A rescue to save the euro

 The Eurogroup works against time to recapitalize Spanish banks and stabilize sovereign debt to tackle doubts about the single currency

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 Yesterday we were on the edge of the abyss. Today we have taken a step forward! “… The rhetorical delirium attributed to former Chilean dictator Augusto Pinochet illustrates well the risk of derailment facing the euro zone these days with its plan to help Spain to clean up its banking system. 

It was thus, as a step forward before the precipice, as the financial markets seemed to interpret the announcement that the European rescue fund will inject capital into Spanish banks through a loan to the State: the beneficiaries will be the entities but the person responsible for returning it (and of assuming possible losses) will be the State, a perspective that triggered the risk premium of the Spanish and Italian bonds at unknown levels.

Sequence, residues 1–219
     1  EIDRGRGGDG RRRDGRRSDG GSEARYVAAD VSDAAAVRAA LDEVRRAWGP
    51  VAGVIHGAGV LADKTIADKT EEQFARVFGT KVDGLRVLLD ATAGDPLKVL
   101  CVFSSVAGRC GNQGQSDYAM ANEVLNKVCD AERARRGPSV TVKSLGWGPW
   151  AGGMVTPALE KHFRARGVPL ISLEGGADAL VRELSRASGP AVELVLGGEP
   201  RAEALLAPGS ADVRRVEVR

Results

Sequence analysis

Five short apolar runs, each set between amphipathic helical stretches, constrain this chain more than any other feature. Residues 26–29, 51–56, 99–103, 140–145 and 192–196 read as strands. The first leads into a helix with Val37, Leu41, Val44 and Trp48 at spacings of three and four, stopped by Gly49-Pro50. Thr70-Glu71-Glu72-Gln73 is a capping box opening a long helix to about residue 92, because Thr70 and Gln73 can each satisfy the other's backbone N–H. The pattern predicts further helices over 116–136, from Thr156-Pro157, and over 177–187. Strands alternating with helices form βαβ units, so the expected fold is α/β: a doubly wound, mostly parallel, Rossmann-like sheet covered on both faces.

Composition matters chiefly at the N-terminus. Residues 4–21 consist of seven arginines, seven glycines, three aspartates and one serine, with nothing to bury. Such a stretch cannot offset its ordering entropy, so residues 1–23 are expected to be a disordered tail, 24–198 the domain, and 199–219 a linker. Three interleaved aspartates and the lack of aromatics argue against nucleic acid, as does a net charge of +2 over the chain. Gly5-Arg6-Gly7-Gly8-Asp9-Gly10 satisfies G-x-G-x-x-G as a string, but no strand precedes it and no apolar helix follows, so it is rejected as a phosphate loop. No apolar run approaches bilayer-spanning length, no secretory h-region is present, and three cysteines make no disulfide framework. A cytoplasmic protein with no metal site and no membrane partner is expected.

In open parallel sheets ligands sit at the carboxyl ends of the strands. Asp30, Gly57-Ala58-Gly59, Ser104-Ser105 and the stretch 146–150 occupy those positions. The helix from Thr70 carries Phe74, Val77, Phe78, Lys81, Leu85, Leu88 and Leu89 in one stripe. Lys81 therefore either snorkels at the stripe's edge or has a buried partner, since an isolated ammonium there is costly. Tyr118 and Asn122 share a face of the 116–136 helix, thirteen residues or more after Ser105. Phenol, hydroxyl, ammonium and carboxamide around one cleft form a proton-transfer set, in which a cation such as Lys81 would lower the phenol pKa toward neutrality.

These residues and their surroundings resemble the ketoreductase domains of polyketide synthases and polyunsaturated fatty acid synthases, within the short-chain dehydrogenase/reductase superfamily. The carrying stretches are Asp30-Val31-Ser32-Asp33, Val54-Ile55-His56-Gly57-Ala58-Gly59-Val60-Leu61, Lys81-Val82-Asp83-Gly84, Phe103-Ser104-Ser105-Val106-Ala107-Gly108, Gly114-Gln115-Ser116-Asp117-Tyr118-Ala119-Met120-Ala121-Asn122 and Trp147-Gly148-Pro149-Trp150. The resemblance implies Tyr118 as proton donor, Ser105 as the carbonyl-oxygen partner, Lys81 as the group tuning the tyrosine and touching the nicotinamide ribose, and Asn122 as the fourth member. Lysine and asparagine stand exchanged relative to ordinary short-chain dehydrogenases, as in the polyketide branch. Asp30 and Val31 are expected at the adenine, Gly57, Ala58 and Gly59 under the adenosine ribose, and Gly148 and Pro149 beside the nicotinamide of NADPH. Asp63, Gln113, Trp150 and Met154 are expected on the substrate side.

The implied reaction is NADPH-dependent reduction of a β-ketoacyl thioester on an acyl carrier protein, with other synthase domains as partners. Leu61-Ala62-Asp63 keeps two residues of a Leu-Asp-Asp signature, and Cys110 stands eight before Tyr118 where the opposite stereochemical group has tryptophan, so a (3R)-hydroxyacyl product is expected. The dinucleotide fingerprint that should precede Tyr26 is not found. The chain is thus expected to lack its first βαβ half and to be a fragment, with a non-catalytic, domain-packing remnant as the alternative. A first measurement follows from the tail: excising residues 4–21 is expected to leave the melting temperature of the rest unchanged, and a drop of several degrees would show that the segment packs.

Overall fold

Fear of failure

Image result for fear of failureThe fear that the operation will fail and make a total rescue for Spain inevitable (not an intervention of its financial sector but of the whole economy) has forced the euro zone to revise its plans. European governments have been willing to explore in depth the entire catalog of options available to chisel a rescue really tailored to the Spanish case. The pressure of Mario Monti, Italian Prime Minister, has taken a fundamental turn to the debate. The G-20 summit in Los Cabos (Mexico), held in a climate of emergency on the impact of the European crisis on the world economy, was the forum chosen by the skilled Italian technocrat to raise the possibility that the rescue fund European Union intervenes in the debt markets and relax their pressure.

I could not have chosen a more receptive audience. The mere mention of this possibility – provided in the regulations of the rescue fund since last year – has served to relieve pressure on peripheral sovereign debt. The challenge now is to finish off the play, so that Monti’s pass becomes a bit in favor of the euro that dissipates doubts about his future.

All eyes are on the summit that the EU and the euro zone, in a restricted format, will hold next week in Brussels. Expectations are high: Germany and France must agree to give a future perspective to the euro but also to provide solutions to their immediate problems.